A MUX 2018 Interview with Mitchell Geere, Head of Design – Instacart
Use the Event to Connect with Others
Many award venues have a live event, so even before you win (or lose), take the opportunity to meet with other participants and judges. Ask them about their app, or who they represent, their job – 99 times out of a 100, they won’t bite. These are opportunities to make connections, the door is wide open for you to do exactly that. Even if you don’t win, someone may take a special interest in your app.
What To Do IF You Win A Mobile App Award?
If you do win, setup a Google Alert, or several, with the name of your app and name of the awards. This will give you notice every time someone references the awards or your app as a winner of an award. Most contests will run press releases and public announcements. You’ll probably want to do a press release of your own, and set up more Google Alerts.
You can (and should) follow-up with anyone referencing your app or the awards event. Let them know you would be happy to provide them a free copy of your app for review, do an interview with them, or otherwise make it easy for them to write more about you and your app.
Win or lose – take a look at the other winning apps to see why they won. If you didn’t win, the judges may still offer you a short critique. Take heed of what they have to say.
After you’ve won an award, take a few minutes to update your app descriptions on the app store. If the awards venue provides app award badges, make sure to add yours. Maybe use this opportunity to add your app to independent app stores – and talk with them to see if they’d be willing to run any special promotions.
If you’ve won a mobile app award, make sure to support the awards event or content next year – and the year after that. Even if you don’t submit an app, you can get some extra mileage out of last year’s effort. If you didn’t win, don’t give up. This was a learning experience that you can use next year. Not winning is not an indication that you have a bad app, unless the judges say so. You may have a great app, but fierce competition.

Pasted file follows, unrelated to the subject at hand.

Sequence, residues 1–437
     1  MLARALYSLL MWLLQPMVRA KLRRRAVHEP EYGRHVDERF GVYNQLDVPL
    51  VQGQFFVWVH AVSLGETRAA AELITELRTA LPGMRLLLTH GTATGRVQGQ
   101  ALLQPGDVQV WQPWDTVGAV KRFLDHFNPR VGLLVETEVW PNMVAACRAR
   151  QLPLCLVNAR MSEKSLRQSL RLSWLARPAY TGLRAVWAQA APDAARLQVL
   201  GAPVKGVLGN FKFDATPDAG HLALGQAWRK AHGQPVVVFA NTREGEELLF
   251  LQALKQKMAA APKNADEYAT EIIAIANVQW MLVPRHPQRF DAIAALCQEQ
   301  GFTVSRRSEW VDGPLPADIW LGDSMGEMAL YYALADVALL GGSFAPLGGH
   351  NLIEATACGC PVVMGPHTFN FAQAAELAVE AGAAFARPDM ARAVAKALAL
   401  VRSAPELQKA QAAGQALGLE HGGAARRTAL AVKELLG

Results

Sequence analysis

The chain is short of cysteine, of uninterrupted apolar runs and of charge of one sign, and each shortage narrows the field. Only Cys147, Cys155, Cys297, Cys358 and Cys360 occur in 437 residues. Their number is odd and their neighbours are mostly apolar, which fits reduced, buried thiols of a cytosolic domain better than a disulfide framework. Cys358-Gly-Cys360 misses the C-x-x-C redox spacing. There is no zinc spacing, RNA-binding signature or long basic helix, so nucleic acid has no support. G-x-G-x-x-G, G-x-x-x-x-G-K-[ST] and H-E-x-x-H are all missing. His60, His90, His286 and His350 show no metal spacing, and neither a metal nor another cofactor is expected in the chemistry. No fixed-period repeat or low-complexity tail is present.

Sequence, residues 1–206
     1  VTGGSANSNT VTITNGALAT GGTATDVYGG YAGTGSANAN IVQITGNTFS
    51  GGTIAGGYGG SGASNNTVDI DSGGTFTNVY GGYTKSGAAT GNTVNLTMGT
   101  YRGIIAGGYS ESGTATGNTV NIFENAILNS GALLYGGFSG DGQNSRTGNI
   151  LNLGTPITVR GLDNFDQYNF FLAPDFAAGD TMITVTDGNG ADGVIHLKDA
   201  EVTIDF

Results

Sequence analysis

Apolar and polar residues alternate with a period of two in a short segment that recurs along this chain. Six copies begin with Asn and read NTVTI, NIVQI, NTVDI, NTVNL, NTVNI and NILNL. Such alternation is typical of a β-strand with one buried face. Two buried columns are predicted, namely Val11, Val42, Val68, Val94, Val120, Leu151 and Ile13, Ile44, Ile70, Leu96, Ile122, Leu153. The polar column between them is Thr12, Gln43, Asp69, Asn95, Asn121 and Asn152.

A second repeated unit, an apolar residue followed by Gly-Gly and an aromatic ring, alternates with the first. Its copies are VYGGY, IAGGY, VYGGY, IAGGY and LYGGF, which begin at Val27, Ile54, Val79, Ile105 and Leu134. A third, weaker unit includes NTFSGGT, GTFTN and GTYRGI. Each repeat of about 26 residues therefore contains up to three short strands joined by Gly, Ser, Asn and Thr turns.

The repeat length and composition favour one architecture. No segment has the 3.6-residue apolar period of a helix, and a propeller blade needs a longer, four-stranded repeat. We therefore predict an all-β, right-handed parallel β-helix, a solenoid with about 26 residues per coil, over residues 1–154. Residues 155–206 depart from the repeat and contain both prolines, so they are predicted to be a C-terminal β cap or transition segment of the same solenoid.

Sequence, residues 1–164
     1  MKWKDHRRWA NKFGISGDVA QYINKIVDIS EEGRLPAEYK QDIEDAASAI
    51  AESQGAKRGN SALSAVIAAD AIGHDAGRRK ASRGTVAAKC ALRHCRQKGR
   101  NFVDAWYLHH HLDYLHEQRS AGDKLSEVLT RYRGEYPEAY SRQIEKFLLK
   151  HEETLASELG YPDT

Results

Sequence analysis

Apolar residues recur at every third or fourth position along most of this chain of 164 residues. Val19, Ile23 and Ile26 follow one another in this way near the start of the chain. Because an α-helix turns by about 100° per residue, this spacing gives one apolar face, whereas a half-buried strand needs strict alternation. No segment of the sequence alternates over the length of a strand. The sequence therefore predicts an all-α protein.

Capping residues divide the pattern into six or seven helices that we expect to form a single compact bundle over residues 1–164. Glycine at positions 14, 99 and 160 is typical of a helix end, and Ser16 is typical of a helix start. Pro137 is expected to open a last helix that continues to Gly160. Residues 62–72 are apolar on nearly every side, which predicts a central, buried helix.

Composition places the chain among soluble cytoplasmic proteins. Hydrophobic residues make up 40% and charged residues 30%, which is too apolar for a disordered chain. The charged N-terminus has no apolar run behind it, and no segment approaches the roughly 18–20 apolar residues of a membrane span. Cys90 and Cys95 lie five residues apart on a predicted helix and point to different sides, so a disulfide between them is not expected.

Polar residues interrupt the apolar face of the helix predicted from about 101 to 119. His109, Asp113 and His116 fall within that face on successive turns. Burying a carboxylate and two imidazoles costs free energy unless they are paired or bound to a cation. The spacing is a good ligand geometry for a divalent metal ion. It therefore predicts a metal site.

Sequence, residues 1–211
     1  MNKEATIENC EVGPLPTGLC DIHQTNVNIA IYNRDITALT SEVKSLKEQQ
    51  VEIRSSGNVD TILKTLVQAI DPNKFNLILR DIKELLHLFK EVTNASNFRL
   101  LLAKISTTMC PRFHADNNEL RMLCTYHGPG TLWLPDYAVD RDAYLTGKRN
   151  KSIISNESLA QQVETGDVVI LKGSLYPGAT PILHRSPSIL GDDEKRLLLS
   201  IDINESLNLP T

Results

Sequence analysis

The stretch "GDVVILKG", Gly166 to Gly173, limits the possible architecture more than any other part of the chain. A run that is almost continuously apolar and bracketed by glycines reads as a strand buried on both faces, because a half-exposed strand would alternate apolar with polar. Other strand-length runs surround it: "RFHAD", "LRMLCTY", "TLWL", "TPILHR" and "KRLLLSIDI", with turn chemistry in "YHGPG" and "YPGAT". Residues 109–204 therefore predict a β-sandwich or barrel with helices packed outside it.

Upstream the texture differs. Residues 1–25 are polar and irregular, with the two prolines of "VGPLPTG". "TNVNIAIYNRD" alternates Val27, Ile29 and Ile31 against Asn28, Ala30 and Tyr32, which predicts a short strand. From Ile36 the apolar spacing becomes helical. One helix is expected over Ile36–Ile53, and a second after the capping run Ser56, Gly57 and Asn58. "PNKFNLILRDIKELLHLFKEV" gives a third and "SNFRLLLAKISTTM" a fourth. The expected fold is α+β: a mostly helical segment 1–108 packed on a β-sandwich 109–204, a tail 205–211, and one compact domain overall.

Three Mobile App Award Winners from our Client Portfolio
Cameron Johnson, founder of Nickson, won $100,000 from Steve Case’s Revolution: Rise of the Rest tour and seed fund. Winners of the “Rise of the Rest” content also received ongoing PR assistance, executive connections, and the potential for additional investment funding. In some ways, investor-backed contests like this are like startup incubators and accelerators.
Nirinjan Yee of BreathResearch was one of the 19 “solvers” selected from hundreds of innovators at MIT’s “Solve at the United Nations” contest for her work with COPD and the MyBreath App. As defined in their press release, “Solve is a marketplace bringing together the people with great solutions and cross-sector leaders with the resources – financial, technical, organizational – to fund, pilot and scale those solutions.” Prestigious academic institutions, with a focus on tech, sponsor contests, too.
Swiftmile applied to Verizon’s Powerful Answers competition by presenting a business idea that would serve commuters by getting to work without having to drive – get cars off the road, reduce congestion and greenhouse gas emissions. Verizon’s competition involved over 1500 companies from 78 countries, and while Swiftmile didn’t take the top prize, it was one of the finalists to win $250,000.
A Final Note on “Publicity”
I’ve commented before about how Victor Shaburov used Kickstarter to launch Looksery. The publicity he generated from the campaign was arguably exponentially more valuable than the $46k received in pledges. It is the publicity that more than likely let him flip it over to SnapChat for $150 million. While this was not an award or contest-based event, the marketing and PR value of winning an award can factor in almost identically – and be of far greater value than any lump sum cash prize.
When people write about you and your app, engage them. This may start with their referencing a press release. Odds are, if a company’s publishing or using press releases as the basis for content, their writers would be happy for even more “easy to run stories.” Ask them if they’d like a free copy for a review of your app or if they’d be open for an interview. Even if you don’t hit a “home run” with your app, if you can use the event to hit a few singles and doubles, you’ll still be able to light up the scoreboard.